Purpose — The purpose of this research is to examine how consumers form beliefs and evaluate derivatives (e.g. handheld computers) and branded derivatives (e.g. Palm handheld computers). The aim is to study how consumers combine two categories (e.g. ?handheld products? and ?computers?) to form beliefs, how the similarity between the categories influences beliefs, how the addition of a brand changes beliefs, and how the presence of brand associations impacts on evaluations.
Design/methodology/approach — Three laboratory experiments to test hypotheses were conducted.
Findings — Results of the studies show the modifier (e.g. ?handheld? in handheld computer) dominates derivative beliefs, but the nature of its dominance changes with category similarity. Brand effects are surprisingly limited in belief formation due to modifier dominance. Brand beliefs only transfer to branded derivatives when the brand fits with the modifier category. The presence of brand associations induces more positive evaluations of branded derivatives when the brand fits with the modifier category and, under certain circumstances, when it fits with the header-category.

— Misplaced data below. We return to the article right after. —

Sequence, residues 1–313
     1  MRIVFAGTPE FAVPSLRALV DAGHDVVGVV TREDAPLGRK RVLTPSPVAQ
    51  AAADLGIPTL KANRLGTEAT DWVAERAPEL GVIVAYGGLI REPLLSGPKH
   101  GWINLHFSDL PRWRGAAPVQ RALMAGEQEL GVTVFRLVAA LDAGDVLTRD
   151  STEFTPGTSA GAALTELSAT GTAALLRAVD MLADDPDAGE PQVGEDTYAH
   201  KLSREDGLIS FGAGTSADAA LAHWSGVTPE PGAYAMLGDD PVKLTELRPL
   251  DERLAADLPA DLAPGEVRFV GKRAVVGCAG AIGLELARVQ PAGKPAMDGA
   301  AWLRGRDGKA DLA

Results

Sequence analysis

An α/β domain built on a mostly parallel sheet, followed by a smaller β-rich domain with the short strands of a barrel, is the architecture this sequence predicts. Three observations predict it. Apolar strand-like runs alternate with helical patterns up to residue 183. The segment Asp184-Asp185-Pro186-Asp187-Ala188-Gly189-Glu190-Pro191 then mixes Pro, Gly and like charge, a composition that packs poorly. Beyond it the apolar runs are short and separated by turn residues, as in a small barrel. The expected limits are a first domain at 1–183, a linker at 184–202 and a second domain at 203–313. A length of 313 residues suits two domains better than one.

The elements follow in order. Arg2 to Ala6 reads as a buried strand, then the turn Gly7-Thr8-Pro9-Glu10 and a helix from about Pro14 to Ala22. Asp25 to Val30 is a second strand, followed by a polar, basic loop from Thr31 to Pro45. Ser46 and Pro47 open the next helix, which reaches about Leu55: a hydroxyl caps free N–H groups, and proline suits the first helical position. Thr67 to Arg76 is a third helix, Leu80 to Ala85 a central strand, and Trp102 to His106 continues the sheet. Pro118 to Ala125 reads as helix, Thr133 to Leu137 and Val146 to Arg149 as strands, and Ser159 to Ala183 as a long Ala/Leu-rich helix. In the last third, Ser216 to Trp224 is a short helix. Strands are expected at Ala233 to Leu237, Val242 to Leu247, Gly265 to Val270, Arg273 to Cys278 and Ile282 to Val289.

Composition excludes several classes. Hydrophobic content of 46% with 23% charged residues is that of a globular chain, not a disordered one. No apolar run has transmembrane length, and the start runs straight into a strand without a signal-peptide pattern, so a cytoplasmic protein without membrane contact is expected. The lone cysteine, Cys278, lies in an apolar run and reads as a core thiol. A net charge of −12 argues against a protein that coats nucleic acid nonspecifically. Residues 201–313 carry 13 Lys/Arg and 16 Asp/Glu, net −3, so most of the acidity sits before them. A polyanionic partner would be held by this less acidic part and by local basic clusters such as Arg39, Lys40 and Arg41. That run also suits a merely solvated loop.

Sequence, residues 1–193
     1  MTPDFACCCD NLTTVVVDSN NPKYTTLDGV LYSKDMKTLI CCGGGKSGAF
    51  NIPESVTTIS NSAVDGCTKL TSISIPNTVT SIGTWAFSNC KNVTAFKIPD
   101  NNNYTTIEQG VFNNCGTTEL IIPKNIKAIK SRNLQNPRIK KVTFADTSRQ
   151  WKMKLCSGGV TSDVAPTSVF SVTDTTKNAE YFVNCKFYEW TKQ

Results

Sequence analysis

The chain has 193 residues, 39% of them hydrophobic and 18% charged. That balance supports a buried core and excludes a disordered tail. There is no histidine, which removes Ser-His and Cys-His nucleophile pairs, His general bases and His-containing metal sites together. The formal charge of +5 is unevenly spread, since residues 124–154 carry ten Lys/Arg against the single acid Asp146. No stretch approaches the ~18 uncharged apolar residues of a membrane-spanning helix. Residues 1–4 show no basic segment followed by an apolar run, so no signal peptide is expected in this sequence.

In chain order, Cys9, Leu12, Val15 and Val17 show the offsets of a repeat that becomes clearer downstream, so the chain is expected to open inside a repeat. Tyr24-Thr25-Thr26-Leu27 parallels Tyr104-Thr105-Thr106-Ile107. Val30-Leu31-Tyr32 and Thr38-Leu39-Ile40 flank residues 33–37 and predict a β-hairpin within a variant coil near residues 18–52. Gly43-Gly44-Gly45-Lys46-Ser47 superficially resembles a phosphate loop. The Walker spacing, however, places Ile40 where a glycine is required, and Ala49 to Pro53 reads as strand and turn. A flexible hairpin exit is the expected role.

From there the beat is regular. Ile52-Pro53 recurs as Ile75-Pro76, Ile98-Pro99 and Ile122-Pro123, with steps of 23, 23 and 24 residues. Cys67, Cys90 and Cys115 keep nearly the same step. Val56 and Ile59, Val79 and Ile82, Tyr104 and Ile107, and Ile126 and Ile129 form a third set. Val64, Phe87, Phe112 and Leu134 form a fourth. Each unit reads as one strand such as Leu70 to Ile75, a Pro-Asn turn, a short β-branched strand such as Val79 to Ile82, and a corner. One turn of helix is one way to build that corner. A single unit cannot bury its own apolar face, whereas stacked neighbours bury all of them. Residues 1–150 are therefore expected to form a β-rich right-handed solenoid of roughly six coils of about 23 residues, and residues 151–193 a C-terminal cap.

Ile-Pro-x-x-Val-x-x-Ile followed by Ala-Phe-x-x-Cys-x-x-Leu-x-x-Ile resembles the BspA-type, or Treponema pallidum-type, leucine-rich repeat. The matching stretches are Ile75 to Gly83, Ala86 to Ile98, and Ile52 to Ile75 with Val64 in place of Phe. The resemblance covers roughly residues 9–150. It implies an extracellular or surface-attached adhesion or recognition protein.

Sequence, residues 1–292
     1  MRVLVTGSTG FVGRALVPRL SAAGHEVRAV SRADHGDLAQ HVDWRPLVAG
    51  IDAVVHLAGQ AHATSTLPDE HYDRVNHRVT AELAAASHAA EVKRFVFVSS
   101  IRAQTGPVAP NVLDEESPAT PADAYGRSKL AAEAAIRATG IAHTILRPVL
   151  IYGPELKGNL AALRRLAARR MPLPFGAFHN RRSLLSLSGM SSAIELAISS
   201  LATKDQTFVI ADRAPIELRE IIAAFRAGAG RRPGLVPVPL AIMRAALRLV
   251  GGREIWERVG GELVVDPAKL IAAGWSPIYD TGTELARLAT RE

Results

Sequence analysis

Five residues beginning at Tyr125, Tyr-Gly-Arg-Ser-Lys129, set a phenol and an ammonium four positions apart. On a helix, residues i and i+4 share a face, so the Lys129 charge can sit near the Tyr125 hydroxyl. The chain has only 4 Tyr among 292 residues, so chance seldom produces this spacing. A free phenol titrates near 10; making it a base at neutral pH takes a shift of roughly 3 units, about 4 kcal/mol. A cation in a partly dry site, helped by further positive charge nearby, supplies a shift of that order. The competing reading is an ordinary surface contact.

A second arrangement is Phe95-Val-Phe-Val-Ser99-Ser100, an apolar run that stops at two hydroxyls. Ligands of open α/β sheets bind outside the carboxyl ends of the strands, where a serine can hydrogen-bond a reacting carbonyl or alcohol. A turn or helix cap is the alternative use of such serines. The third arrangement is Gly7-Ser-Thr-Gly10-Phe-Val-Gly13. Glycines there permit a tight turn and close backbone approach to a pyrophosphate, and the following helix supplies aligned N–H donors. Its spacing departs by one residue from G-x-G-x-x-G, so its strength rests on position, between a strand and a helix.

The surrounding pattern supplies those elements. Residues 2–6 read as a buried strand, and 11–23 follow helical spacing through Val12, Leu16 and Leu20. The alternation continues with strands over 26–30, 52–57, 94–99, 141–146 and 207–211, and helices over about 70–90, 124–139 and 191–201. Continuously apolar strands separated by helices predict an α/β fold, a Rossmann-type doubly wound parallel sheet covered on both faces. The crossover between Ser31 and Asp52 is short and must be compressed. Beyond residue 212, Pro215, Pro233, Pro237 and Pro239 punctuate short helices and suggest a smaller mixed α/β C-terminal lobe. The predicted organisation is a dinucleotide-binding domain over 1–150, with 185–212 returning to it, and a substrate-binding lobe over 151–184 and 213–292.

Research implications/limitations — The presence of multiple concepts (e.g. Palm handheld computer) is common in line and brand extensions, yet little research has examined such complex products. Their comprehension can be better predicted by utilizing conceptual combination theory.
Practical implications — Managers can better determine what kinds of line and brand extensions are best suited for their brands.
Originality/value — The originality and value lay in utilizing the conceptual combination approach to more deeply understand which extensions are best suited for which brands. This helps fill a gap in the literature on consumer perception of multiple-concept extensions.